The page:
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Flare Left Burning at Site of Gas Leak

Written By Brianna Panzica

Posted March 28, 2012

On Sunday, a leak was discovered on Total S.A.’s (NYSE: TOT) gas rig at the Elgin field in the North Sea.

The leak has caused 6 miles of condensate and a gas cloud in the surrounding area, striking concern over marine life.

But even greater is the concern of an explosion.

When the crew of 238 was evacuated from the rig, a flare lit to “regulate gas pressure” was left burning, striking fear that it could cause a major explosion at any time.

The company issued a statement assuring the public of their control:

“The situation is currently stable.  We continue to take all possible measures to try to identify the source and cause of the leak and to bring it under control.”

But Total is taking significant precautions to avoid tragedy.  An exclusion zone spanning two miles has been put in place surrounding the rig.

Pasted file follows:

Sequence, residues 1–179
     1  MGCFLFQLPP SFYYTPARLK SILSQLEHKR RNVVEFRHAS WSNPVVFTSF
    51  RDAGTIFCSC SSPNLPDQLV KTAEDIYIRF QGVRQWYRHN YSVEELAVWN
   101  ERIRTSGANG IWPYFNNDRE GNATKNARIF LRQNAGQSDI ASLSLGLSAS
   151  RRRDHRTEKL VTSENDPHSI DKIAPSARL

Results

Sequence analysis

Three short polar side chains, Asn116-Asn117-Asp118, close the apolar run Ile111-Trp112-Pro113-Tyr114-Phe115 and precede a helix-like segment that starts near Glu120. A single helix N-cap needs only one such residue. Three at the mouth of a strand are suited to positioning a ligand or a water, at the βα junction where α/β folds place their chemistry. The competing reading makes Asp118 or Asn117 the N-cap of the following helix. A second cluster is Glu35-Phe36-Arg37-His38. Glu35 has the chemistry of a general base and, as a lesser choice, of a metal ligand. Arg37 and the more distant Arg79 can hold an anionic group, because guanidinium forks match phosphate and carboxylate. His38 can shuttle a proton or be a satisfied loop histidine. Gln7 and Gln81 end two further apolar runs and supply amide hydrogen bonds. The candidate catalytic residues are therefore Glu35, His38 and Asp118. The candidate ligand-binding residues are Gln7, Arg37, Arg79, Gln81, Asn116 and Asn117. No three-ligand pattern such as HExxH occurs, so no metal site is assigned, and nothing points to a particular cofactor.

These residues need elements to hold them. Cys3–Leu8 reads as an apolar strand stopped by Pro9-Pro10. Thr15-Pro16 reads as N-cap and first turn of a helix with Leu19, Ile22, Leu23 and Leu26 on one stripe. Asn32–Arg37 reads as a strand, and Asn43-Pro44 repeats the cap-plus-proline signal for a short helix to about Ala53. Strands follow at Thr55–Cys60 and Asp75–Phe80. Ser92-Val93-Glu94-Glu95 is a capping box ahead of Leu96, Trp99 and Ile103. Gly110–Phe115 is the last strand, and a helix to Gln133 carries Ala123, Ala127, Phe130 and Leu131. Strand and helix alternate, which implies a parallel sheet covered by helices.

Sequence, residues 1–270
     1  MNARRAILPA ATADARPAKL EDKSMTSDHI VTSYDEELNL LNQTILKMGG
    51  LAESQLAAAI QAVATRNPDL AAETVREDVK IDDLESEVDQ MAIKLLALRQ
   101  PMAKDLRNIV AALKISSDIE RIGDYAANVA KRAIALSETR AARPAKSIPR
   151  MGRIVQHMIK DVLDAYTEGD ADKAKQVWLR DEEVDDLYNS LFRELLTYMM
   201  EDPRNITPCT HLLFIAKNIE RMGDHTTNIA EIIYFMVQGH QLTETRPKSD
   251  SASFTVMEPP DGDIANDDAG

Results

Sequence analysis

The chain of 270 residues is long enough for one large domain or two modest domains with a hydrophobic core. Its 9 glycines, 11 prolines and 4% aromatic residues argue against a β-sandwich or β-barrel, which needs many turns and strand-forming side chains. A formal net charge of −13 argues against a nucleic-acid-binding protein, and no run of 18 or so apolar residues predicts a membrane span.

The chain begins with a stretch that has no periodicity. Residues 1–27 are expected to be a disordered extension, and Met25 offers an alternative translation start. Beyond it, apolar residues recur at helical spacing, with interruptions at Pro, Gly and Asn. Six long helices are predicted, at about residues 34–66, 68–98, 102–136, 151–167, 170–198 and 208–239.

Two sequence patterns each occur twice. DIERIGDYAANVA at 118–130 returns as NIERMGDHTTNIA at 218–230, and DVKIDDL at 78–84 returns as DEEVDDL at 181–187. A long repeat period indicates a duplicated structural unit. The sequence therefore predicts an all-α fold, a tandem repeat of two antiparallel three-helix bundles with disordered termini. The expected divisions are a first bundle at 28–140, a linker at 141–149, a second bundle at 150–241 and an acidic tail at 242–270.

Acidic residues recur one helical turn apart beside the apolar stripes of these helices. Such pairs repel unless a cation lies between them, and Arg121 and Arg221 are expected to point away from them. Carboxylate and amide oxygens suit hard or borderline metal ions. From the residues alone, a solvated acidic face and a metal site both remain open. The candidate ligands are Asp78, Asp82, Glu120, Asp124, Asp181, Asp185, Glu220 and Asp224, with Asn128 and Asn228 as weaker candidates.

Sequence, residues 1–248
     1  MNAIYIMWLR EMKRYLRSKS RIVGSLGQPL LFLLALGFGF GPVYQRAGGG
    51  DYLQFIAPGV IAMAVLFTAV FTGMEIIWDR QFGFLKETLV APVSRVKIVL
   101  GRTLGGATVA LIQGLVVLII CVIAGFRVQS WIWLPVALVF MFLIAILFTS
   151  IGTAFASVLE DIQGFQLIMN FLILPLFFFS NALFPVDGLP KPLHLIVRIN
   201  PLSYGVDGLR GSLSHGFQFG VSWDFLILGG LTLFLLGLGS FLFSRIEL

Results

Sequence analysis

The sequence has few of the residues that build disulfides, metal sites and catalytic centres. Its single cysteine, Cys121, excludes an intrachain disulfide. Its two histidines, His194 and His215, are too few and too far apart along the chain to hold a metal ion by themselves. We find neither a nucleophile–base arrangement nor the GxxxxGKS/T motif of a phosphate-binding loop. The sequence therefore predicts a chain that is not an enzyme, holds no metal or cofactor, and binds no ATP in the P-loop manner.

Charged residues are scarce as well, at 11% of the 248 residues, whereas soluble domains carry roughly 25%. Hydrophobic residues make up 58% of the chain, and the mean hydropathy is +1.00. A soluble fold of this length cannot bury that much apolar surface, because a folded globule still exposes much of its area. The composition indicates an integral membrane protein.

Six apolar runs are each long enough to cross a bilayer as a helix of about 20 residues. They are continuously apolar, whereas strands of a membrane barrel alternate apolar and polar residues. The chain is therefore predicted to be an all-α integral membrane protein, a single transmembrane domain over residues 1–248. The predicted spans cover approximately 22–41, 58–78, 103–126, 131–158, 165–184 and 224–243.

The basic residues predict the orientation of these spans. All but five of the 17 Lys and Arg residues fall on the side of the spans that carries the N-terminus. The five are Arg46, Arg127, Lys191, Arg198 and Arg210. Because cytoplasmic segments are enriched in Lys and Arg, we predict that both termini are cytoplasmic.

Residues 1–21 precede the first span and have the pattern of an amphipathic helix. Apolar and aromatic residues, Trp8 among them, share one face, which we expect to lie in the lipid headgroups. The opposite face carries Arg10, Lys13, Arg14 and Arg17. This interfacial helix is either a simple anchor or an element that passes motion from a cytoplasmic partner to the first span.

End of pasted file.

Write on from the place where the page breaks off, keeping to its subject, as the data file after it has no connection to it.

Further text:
Experts are attempting to put out the flare before they can move toward the rig.  David Hainsworth, health, safety, and environmental manager for Total, was unable to say how long this could take.  It could be “an hour, or 24 hours or two days.”

Twenty-four years ago, a fire occurred at the Piper Alpha platform in the same region.  167 were killed in the disaster.  Total is taking precautions to avoid a repetition of this.

But it can only do so much.  And John Sauven of Greenpeace is concerned about all this could mean for the environment:

“According to Total, if the leak continues at its current flow for six months it will amount to nearly 800,000 tonnes of CO2 equivalent, adding to the burden of greenhouse gases already going into the atmosphere.”

He believes it’s a clear indication that drilling should not be allowed “in fragile and high risk places like the Arctic.”

But some are glad it’s not worse.  Credit rating agency Fitch believes “its potential for environmental damage” is “far lower than in the Deepwater Horizon case,” considering the leak is only on the surface.

The well is also in a more shallow area than Deepwater Horizon, meaning even the worst cleanup would still be easier.  Once the flare is extinguished it could take up to six months to stop the leak.

Total has fallen about 7.5% from its close on Monday.

That’s all for now,


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